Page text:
A variety of other changes to the current order would be valuable, toward the goal of creating a collectively beneficial society as we move toward Technological Singularity.
An expanded government as suggested above would need to make even more choices than the current government does. As the need for people to work to earn a living decreases, people will have more bandwidth to help the government make its decisions. Adoption of new methods of direct democracy will be extremely valuable. NASTA should experiment with making some of its research funding allocation decisions based on direct-democratic methods.
In a Singularity-era society, national borders will almost certainly be a thing of the past. We can work toward this by gradually increasing the number of immigrants permitted into the US, year by year. Experimental pathways should also be explored, such as incentives for trained individuals from developing countries to spend time in developed countries and then return home. Encouraging flow of educated individuals back and forth between the developed and developing world will maximize the rate of progress and benefit for all.
Founding a massively expanded government as proposed here on a corrupt and dysfunctional US Congress would obviously be suboptimal. Lawrence Lessig has proposed a variety of sensible measures for ending the current situation in which our representatives are basically owned by corporations and their lobbyists. Let’s implement them.
I also mentioned above the elimination of crimes without direct victim. This is gradually happening in the US, as gambling, prostitution and drug use are gradually (much too slowly) becoming decriminalized. It would stop much of the waste of money and human potential currently occurring in the US prison system. And, just as importantly, it would ease the path to a positive Singularity, by allowing adult individuals to experiment with radical body and mind modifications on themselves. It would also entail substantial deregulation of the medical industry, which would have the consequence of dramatic cost reduction and innovation increase.
In the technoprogressive vision as I understand and advocate it, government is compassionate and cares for its citizens, but also cares for its citizens’ rights to self-determine and self-experiment, so long as these rights do not pose a clear and direct threat to others.
Finally, there is the question of how to pay for the expanded federal budget proposed – a question with, I suppose, a fairly obvious answer. Sweden supports its proportionally large federal government with relatively high taxes, especially on wealthy individuals and corporations. Piketty has also proposed an international wealth tax (international in order to avoid the issue of wealthy individuals and corporations moving their funds among nations to avoid taxation), which I think makes a lot of sense.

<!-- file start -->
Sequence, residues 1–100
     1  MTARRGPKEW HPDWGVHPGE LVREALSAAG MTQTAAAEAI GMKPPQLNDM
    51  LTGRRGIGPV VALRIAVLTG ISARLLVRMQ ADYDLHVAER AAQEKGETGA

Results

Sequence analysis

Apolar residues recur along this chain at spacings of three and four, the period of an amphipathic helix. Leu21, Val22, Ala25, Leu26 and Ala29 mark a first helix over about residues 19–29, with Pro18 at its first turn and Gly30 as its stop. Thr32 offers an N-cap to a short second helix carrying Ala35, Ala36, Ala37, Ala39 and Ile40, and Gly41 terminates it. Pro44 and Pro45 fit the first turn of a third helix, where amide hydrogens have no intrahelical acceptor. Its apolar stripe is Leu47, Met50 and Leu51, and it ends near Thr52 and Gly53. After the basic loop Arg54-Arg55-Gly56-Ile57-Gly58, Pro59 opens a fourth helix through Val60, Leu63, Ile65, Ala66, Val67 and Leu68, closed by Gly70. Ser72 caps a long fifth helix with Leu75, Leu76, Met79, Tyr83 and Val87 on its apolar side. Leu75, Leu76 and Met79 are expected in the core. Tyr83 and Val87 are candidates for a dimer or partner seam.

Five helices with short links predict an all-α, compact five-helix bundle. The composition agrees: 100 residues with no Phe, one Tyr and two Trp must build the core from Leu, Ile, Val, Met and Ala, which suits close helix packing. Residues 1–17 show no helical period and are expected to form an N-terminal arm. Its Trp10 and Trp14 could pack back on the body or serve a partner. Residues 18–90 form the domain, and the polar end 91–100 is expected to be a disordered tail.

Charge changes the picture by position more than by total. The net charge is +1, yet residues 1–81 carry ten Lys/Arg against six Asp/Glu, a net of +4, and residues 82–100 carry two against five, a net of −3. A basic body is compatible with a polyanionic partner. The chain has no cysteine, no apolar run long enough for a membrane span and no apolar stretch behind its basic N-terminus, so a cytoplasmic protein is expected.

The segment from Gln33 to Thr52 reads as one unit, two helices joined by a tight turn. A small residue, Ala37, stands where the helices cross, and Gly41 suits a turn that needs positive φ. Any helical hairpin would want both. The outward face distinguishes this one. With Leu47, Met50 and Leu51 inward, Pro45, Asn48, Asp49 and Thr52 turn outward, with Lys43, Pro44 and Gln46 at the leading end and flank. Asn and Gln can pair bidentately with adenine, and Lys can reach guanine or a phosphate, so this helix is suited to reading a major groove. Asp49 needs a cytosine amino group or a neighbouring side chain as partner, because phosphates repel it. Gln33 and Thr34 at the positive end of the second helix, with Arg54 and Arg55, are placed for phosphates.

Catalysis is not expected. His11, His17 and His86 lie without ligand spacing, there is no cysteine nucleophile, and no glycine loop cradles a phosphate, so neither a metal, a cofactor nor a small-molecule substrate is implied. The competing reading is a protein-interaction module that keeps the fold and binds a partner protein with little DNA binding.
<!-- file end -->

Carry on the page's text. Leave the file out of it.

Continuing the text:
A Technoprogressive President?
The platform I have somewhat vaguely sketched here, is certainly rather radical compared to what the main US political parties are currently proposing. However, it’s squarely within the scope of what could pragmatically be done within the existing US political, legal and economic system. It wouldn’t require revolution, only evolution. A shift from the current order to the proposed technoprogressive system could be done over a period of 5-10 years, bit by bit. The result would be more of a 21st century nation, a nation more fully prepared to craft a broadly beneficial Technological Singularity.
I’m under no illusion that the majority of the US population would vote for a technoprogressive program like this one – today. But what about a few years hence, when unemployment rises due to AIs and robots taking over jobs, and the unemployment rate shows no sign of ever sinking again, just keeps increasing? How will attitudes shift when nearly everyone in the developed world has a moderately generally intelligent service robot in their home, just as nearly everyone has a TV and a car today? At that point, reality may overtake the corporate-directed attitudinal programming that currently dominates the American psyche, and a technoprogressive direction may become widely perceived as the only humane and viable alternative.
So I believe that the time to start advocating for an evolutionary change toward a rational technoprogressive alternative is now. The time to start fleshing out proposals like the one I’ve vaguely sketched here, is now. The time to start fielding political candidates, whether within third parties or mainstream parties, is now.
It may not yet be the time for a technoprogressive US President – though things are changing faster and faster, and that time may come sooner than you think. But well before the time for a technoprogressive President, having more and more technoprogressives actively involved in governance, and political and economic strategic and tactical thinking, can surely make a difference.
You can rest assured I don’t have plans to shift my own career in a political direction – I’m not a “political” person, and my efforts are needed on the science and technology of AGI and life extension. But I am approached all the time by people asking what they can do to help bring about a positive Singularity – including people who are not oriented toward technical work. One possible answer is: Do your best to shift our socioeconomic system toward practical technoprogressivism. The platform indicated here is one Singularitarian scientist’s attempt to articulate what this might concretely mean.
Ben Goertzel Ph.D. is a fellow of the IEET, and founder and CEO of two computer science firms Novamente and Biomind, and of the non-profit Artificial General Intelligence Research Institute (agiri.org).